Opacity, lack of accountability, and extra-judicial killings are not criticisms reserved solely for U.S. counterterrorism policies. The Indonesian government faces similar grievances, domestically and internationally, in its own counterterrorism campaign. With the ongoing pivot to Asia, the United States is looking to Indonesia, already a regional economic powerhouse, as a like-minded democratic partner. Encouragingly, Indonesia’s counterterrorism police, troubled by a history of human rights abuses, have begun—albeit haltingly—to admit wrongdoing in select cases. Washington should applaud Jakarta’s move toward accountability, emphasizing that a respect for human rights will not only further Indonesia’s counterterror operations but strengthen its nascent partnership with the United States.
Last week, Densus 88, Indonesia’s elite counterterrorism police force, lauded for its widespread success yet criticized for human rights abuses, released two suspected terrorists due to lack of evidence. Emerging from police captivity with bruised wrists, the two men were placed in the custody of a leader from Indonesia’s second-largest Muslim organization, Muhammadiyah. The handover came on the heels of protests from the human rights group Indonesian Police Watch (IPW) and an investigation from Muhammadiyah, who still demand an explanation from police. Although the unit enjoys strong Indonesian public opinion, the controversial Densus 88 is plagued by frequent protests and rebukes. While shrugging off criticism seems to be Densus 88 standard operating procedure, the recent incident showed a significant improvement in the organization’s accountability to the Indonesian public.
Formed with financial and logistical support from the United States and Australia in the wake of the 2002 Bali bombings, the 400-strong Densus 88, also known as Special Detachment 88, has enjoyed categorical success in busting up jihadi terrorist cells in Central Java. Indeed, the unit’s operations have merited due praise from some Western media outlets and even a nod from the Obama administration. However, the outfit’s shoot-first record and allegations of torture have drawn the ire of Indonesian Muslim organizations and international watchdogs alike.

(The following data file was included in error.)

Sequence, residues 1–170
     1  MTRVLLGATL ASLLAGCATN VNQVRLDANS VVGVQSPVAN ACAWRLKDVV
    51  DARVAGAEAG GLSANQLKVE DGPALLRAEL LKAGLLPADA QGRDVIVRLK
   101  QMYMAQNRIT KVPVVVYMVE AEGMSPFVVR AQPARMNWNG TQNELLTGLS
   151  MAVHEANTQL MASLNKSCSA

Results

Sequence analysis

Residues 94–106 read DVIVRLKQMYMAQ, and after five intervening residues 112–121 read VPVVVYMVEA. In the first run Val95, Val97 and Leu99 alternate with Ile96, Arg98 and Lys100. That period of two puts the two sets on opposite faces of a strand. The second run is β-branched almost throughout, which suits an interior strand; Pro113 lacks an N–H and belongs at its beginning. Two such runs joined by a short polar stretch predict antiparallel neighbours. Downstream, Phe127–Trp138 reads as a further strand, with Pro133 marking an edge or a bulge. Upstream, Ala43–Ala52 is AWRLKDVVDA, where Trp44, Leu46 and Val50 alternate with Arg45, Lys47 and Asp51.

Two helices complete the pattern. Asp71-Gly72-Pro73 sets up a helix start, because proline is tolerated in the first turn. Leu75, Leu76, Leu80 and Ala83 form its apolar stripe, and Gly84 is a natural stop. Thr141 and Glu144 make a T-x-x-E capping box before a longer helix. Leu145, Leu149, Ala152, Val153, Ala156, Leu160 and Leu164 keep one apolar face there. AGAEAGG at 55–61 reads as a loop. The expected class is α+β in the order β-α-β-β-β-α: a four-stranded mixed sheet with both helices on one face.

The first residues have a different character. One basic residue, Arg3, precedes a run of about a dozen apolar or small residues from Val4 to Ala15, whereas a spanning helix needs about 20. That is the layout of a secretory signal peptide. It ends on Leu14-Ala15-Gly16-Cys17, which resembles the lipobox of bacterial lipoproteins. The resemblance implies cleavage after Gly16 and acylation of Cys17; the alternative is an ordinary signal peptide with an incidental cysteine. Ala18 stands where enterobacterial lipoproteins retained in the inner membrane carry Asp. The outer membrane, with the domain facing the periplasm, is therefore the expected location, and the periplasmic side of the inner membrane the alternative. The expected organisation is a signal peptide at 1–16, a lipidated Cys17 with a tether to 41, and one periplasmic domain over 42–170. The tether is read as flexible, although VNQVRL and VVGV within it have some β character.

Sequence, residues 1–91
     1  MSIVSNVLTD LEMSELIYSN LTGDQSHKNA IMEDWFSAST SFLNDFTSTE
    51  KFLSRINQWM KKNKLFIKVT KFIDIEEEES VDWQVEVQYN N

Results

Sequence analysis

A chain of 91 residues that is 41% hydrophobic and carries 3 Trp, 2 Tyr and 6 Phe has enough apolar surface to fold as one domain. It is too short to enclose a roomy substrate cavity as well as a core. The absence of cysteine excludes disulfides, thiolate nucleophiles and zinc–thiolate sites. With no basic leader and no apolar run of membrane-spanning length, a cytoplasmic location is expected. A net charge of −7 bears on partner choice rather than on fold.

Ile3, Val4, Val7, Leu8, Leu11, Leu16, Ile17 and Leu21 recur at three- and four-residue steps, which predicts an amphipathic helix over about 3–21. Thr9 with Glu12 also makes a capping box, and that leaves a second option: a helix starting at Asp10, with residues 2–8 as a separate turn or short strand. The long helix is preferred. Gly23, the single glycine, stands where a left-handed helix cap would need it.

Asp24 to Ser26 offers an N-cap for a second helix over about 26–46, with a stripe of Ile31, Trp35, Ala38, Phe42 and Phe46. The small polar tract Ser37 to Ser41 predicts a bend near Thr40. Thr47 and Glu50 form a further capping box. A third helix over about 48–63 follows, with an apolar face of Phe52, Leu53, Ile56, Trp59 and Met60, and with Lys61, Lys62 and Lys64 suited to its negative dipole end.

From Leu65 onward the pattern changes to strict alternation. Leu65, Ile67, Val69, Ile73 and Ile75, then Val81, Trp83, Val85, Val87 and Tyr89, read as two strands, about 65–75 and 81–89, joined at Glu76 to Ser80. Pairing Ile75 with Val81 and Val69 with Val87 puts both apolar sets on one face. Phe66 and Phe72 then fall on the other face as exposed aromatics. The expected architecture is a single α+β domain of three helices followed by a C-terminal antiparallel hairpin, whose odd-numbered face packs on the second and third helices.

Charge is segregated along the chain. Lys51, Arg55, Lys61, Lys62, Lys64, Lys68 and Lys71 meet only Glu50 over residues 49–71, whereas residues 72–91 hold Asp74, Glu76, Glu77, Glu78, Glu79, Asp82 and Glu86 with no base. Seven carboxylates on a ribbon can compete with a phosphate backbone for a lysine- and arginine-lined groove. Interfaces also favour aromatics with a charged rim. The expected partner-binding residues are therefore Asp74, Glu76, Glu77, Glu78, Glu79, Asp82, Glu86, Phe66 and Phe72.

Earlier this year, a video of masked Densus 88 officers harshly interrogating and continually striking several wounded suspects surfaced on YouTube. In the 14-minute video, an officer shoots one unarmed suspect in the back. This video punctuated the contentious relationship between the unit and Indonesia’s Muslim organizations, which carry considerable weight in a country with the world’s largest Muslim population. After several prominent Muslim leaders called for the disbandment of Densus 88, the National Commission on Human Rights, Komnas HAM, launched an investigation, eventually confirming the authenticity of the video. The YouTube video only added to concerns over Densus 88’s extrajudicial killings, sparking debate in the Indonesian legislature over whether or not to end the unit’s mandate.
Critics of Indonesia’s unofficial “take no prisoners” counterterrorism strategy point to the blowback associated with Densus 88 operations. Terrorists have now shifted their focus to domestic targets, especially the police, representing a tactical as well as retaliatory response. Last month, a man claiming to be high-priority terror fugitive Santoso declared war on Densus 88 via YouTube, issuing a call to arms for jihadists against the police force. Others accuse the Indonesian government of announcing terrorist arrests and confirmed kills in order to distract the general public from other hot-button political issues. Others warn of the greater implications associated with the government’s increased reliance on Densus 88, which undermines the rule of law and due process in the country.
One can easily draw parallels between the debates going on in Jakarta and Washington over the trade-off between security and liberty. No one denies in either country the obligation to maintain a robust counterterrorism campaign, but liberal democratic ideals should not count among the casualties. As debates over surveillance, drone strikes, and torture rage in America, the U.S. government should look outward and demand the same scrutiny from its friends and allies, especially in cases where U.S. and foreign counterterrorism operations work in tandem. Efforts to improve Washington’s own blemished human rights record should coincide with cleaning up affiliated operations, such as the U.S.-funded and trained Densus 88.
This demand is not unprecedented. In 2008, the U.S. government cut funding for Densus 88 operations in the Moluccas over human rights concerns. However, as the YouTube video demonstrates and Komnas HAM has reaffirmed, some abuses have continued—with American funding. As economic ties between the U.S. and Indonesia strengthen, Washington should take Jakarta to task over Densus 88’s spotty human rights record. Last week’s prisoner release could very well represent a watershed moment for Indonesia’s government. This trend of greater accountability and transparency in Densus 88 operations should continue at the urging of the United States.
The lead-up to U.S. President Barack Obama’s upcoming October visit to Bali for this year’s APEC Summit offers the perfect opportunity to open a dialogue. The Obama Administration should urge the Indonesian government to establish a Densus 88 monitoring committee and bring officers responsible for abuses to justice. The war on terror at home and abroad does not exempt the international community from upholding liberal democratic ideals such as the rule of law and the promotion of human rights. On the contrary, counterterrorism efforts are strengthened by these principles.
Tyler McBrien is a Center for Preventive Action Intern at the Council on Foreign Relations.